56 Miles to Connecticut - Strava
A few weeks ago I took on my first long and weighted ride. For approximately 25 pounds I loaded Amelia with clothes for the weekend, two pairs of shoes and various large books in the front panniers.
I recently found the South Country Trailway which starts in Van Cortlandt Park (across the street from my alma mater, Manhattan College) and continues north through Westchester, NY for approximately 19 miles. This trail plus biking 10 miles up the Westside Greenway in Manhattan provides me with almost 30 miles of car free riding!
This was a great place to start my weighted trips because I don't have to stop and start a lot, which can be taxing with a lot of weight and, as it comes with the territory, there are minimal hills.
I did learn a huge lesson for this trip. I planned to meet my girlfriend at her work place. Unfortunately this was at mile 40. Of course, thinking I am Superman, I chose to eat a big breakfast and only a small power bar during the ride. When I reached mile 40 I was exhausted. I ate lunch and drank a coffee and hopped on the bike only to realize how drained I really was. In less than a mile I approached Guard Hill Road in Mount Kisco. Strava categorizes this road as a category 4 climb (categories are 1-4 with 4 being the easiest. Read more here). This was death for me. I was going so slow in the lowest gear, but still in agonizing pain. The added weight was really holding me back, but I knew I was struggling because I wasn't properly fueled. I just didn't have the energy to go harder. I won't make that mistake again. I should have eaten 30 minutes into my ride and at least every hour after that.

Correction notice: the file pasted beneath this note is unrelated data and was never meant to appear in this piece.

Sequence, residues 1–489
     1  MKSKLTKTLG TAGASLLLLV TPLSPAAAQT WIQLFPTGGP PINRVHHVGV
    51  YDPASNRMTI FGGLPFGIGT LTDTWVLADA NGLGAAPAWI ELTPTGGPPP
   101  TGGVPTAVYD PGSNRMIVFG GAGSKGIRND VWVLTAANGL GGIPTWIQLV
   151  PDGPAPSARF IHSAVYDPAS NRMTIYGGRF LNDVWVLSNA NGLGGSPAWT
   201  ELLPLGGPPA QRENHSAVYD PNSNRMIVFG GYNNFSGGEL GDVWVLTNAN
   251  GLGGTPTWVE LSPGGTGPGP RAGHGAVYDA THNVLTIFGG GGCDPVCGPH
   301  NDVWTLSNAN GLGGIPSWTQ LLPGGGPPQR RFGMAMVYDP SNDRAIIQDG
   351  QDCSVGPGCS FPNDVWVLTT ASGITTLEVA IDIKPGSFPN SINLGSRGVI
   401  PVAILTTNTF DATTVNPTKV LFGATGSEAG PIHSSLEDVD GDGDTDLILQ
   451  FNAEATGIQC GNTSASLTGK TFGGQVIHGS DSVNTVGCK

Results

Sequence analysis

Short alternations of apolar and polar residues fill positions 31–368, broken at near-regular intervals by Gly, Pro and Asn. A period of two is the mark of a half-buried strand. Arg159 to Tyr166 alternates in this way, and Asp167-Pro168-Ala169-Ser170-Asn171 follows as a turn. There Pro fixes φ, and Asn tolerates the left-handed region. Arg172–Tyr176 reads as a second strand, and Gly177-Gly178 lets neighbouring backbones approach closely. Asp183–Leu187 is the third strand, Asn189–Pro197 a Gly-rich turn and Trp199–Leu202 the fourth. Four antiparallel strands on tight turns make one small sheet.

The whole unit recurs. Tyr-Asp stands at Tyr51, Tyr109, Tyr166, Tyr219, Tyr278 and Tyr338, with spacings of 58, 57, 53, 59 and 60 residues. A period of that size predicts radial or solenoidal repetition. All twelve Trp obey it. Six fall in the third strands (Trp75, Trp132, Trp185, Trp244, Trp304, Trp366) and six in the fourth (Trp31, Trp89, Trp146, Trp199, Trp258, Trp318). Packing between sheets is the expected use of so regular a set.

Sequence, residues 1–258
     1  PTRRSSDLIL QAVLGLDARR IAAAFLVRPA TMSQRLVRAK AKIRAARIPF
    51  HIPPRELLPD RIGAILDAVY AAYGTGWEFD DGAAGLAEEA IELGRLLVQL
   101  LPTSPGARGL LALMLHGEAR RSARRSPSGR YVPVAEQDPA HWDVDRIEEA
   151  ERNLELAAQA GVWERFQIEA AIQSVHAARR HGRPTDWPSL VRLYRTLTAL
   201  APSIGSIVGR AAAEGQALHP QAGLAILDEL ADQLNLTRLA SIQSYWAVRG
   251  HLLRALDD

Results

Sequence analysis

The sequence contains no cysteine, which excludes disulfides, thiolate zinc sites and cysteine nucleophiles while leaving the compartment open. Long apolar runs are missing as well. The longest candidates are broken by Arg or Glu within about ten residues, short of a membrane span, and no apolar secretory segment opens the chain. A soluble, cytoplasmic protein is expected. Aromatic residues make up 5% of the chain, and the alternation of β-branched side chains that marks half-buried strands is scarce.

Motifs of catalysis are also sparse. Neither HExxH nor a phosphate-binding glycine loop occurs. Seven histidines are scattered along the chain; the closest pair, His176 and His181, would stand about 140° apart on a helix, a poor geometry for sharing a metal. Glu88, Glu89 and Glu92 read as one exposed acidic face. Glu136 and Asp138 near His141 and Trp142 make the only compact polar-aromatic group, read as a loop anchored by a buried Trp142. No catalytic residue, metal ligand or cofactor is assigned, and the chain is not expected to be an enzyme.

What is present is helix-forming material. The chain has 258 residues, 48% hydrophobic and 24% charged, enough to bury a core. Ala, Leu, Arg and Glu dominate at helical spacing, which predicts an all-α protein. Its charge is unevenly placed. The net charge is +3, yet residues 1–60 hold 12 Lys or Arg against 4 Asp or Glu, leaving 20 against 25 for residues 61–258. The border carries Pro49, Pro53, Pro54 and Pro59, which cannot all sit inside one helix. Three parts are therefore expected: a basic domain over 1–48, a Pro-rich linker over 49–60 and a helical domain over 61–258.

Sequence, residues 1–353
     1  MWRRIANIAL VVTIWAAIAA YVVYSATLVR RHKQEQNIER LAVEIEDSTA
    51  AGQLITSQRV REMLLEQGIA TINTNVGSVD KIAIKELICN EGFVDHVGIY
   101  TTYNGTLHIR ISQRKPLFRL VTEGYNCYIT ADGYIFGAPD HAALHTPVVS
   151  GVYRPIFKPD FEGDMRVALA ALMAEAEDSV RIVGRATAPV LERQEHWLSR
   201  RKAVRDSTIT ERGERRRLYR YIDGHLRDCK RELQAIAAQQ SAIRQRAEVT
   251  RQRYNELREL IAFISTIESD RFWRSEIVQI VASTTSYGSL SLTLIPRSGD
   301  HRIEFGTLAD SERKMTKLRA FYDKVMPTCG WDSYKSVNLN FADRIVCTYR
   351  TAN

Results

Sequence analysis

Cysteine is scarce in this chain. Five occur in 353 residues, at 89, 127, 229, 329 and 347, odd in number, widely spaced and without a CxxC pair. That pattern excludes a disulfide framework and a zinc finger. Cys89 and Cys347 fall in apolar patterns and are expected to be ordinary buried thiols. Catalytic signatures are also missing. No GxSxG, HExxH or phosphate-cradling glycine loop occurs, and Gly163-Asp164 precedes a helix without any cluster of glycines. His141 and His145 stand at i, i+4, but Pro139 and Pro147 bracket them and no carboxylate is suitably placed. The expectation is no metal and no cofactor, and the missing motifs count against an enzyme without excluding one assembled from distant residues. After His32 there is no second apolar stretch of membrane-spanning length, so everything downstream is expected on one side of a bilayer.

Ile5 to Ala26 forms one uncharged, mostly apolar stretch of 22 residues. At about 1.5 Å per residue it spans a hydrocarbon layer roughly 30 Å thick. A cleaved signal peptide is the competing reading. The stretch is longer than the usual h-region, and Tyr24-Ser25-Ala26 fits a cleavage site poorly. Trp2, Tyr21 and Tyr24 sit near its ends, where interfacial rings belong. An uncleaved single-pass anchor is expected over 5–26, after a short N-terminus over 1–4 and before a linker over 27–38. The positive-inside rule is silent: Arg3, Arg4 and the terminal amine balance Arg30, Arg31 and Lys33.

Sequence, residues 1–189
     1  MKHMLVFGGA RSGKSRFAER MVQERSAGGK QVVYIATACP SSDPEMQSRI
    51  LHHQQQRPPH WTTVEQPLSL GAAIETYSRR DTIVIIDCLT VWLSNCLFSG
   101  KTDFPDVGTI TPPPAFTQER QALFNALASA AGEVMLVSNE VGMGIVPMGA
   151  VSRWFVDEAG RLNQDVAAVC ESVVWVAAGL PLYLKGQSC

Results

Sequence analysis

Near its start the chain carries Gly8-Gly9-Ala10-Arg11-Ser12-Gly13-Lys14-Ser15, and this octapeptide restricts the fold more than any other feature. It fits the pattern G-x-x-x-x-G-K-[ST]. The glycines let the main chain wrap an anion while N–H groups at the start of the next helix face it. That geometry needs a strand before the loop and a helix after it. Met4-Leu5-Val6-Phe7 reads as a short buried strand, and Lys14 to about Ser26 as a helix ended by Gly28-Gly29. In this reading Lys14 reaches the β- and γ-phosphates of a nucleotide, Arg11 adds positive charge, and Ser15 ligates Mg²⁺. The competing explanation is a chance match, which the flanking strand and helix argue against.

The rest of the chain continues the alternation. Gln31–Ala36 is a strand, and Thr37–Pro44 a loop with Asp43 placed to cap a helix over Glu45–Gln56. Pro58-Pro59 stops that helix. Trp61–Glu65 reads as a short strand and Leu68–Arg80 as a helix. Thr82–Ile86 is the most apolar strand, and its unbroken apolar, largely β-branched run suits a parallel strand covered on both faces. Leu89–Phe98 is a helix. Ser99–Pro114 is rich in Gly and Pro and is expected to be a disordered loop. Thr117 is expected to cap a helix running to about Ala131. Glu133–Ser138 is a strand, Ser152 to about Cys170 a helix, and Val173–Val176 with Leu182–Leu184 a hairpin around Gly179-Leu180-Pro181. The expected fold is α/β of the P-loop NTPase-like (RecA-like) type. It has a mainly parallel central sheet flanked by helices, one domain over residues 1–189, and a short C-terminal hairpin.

If you have seen my Instagram (link at the top of the page) you will know I recently received a bike ticket for riding down the wrong way on a one way in Manhattan.
Before I say anything, I want to point out that I fully accept the ticket... not just because it is against the law. It is a pretty dangerous area where the bike and car ramps to the Brooklyn Bridge start/begin. This makes it a high traffic area. I have never seen less than 5 cars on this road. It is also a tight two-lane road where cars always park on the right hand side. The big issue is the slight bend in the road which makes it hard to see any bikers coming the wrong way (me) due to the parked cars. This leaves little reaction time for cars or buses to give me the space I need to pass.
|A Google Map of the area my ticket was issued|
Initially I was upset, mostly for being in the hole $50. Now that I have had time to think, I am glad this happened. Like I said, this is one of the least safe intersections I have biked through in the city... especially when you're going the wrong way. Since the ticket, I no longer take this road on the way home and it probably saved me from a future accident.
Those are my winter highlights. I am very excited for spring and summer and look forward to biking and blogging more.
Get on your bikes and ride!